“We were 1-8 in 1996 and we weren’t playing real well. We weren’t having much fun and we really weren’t a group as a D-line. So I took it upon myself and told the guys that we need to go out and have some drinks every Thursday night, eat some pizza, have some fun and get to know each other. We started doing that, we won in San Diego and it just took off. That was really the beginning of my relationship with Sapp. Sometimes we had to meet at Rachel’s, which was a gentleman’s club, because Sapp said they had the best burgers in town. Yeah, right! Sometimes we had to go there to bond and to satisfy Sapp’s urges. Other times, we would go to a nice restaurant like Malio’s, which was a little less problematic. I just took it upon myself to keep the group together. I learned that from the veterans I played with up in Minnesota. Believe it or not, as outgoing as I was with the Bucs, I was just as introverted with the Vikings. I was very quiet. I was a 10th-round pick who was keeping my mouth shut and playing as hard as I could. I played with Jack Del Rio, Mike Tice, Greg Manusky, Chris Doleman, Johnny Randle, Mike Merriweather, Randall McDaniel, Rich Gannon and Cris Carter. That team was full of superstars. They were amazing and I learned so much from them. When I kind of became the guy to bring the D-line together in Tampa, I incorporated a lot of that wisdom from my Minnesota days. When some of the Vikings would see me raising hell out on the field they were a bit surprised.”

You saw how the stars became stars up in Minnesota and you knew how to help mold the guys like Warren Sapp, Derrick Brooks and John Lynch so that they would be stars the right way.
“Correct. I roomed with John Lynch for six years on the road and in camp. I saw the maturation process. I saw him when he was about to get cut because he wasn’t big enough to be a linebacker for us. Now he’s an All-Pro. We had a good time together. All of us did. We had a great bond and we still do. People don’t understand that football is such a tough job and the pressure that goes along with being judged every day by the people whose opinions matter, like coaches and players, and by those whose opinions really don’t matter, like the media and sports radio. A lot of people that call in to talk radio have no idea what they are talking about. But you guys do – without a doubt, and you can put that on the record. Your publication is phenomenal and I think that just about every player read it – or at least they did when I was there at One Buc Place. We read your publication. A lot of the newspapers we wouldn’t even read. You did have the stuff that everybody read, and I’m not blowing smoke up your butt. Of course, we all hoped our picture was in your magazine. Actually, it was better when somebody else’s picture was in it because then you could draw Groucho Marx faces on it! I remember when I was on the cover looking all fashionable with my red velvet shirt and my white belt and my white patton leather shoes. That was a dartboard for a long time in the locker room!”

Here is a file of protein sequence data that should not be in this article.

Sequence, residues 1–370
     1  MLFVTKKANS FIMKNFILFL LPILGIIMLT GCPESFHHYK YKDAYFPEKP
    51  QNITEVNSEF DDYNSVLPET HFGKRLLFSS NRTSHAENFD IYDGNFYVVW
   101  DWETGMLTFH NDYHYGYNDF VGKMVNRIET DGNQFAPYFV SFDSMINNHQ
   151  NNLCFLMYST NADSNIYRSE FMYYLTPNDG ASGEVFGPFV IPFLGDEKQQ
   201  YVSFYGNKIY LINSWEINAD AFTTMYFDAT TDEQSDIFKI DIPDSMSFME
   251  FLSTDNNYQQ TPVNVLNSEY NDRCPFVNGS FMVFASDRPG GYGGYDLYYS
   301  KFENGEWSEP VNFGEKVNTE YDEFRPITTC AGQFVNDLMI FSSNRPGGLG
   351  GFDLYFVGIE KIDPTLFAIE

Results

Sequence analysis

I do remember that. Speaking of One Buc Place, you got a chance to view the new team facility as part of Buccaneers Alumni Weekend. I got the chance to take the tour in February. What did you think of the Bucs’ new team facility?
“It looks like the remodeled Halas Hall in Chicago. I was talking to Derrick Brooks, and he said it is going to take a while for them to get used to it, especially the older players. At the old One Buc, we were on top of each other, but it built us stronger. We had a lot of fond memories of jackassing around that old place. Your showers are literally on top of each other. The steam room is on top of the toilets. It forced bonding and family fun. Now, hell, you have to get on an intercom if someone in the weight room wants to talk to someone in the bathroom. ‘I’ll send a shuttle down to get you!’ Back in the old days, you could be doing the bench press and talking to a guy in the hot tub at the same time! Derrick misses that. But in this day and age of free agency, you have to have a new facility. New players that come in, they aren’t going to know or care about the old One Buc. They are only going to know these top-notch facilities. But for us that played back in the day, we kind of relished the old ‘Woodshed.’”

This article originally appeared in the Free Agency Issue of Pewter Report in March. Visit PewterReport.com on Sunday, March 24 for Part II of the Pewter Report Conversation with Brad Culpepper.

Want the inside scoop on the Tampa Bay Buccaneers' 2007 offseason plans? Want to find out who the Bucs are targeting in free agency and the NFL Draft? Subscribe to PewterReport.com's Pewter Insider by clicking here.

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About the Author: Scott Reynolds

Scott Reynolds is in his 25th year of covering the Tampa Bay Buccaneers as the vice president, publisher and senior Bucs beat writer for PewterReport.com. Author of the popular SR's Fab 5 column on Fridays, Reynolds oversees web development and forges marketing partnerships for PewterReport.com in addition to his editorial duties. A graduate of Kansas State University in 1995, Reynolds spent six years giving back to the community as the defensive line coach for his sons' Pop Warner team, the South Pasco Predators. Reynolds can be reached at: sr@pewterreport.com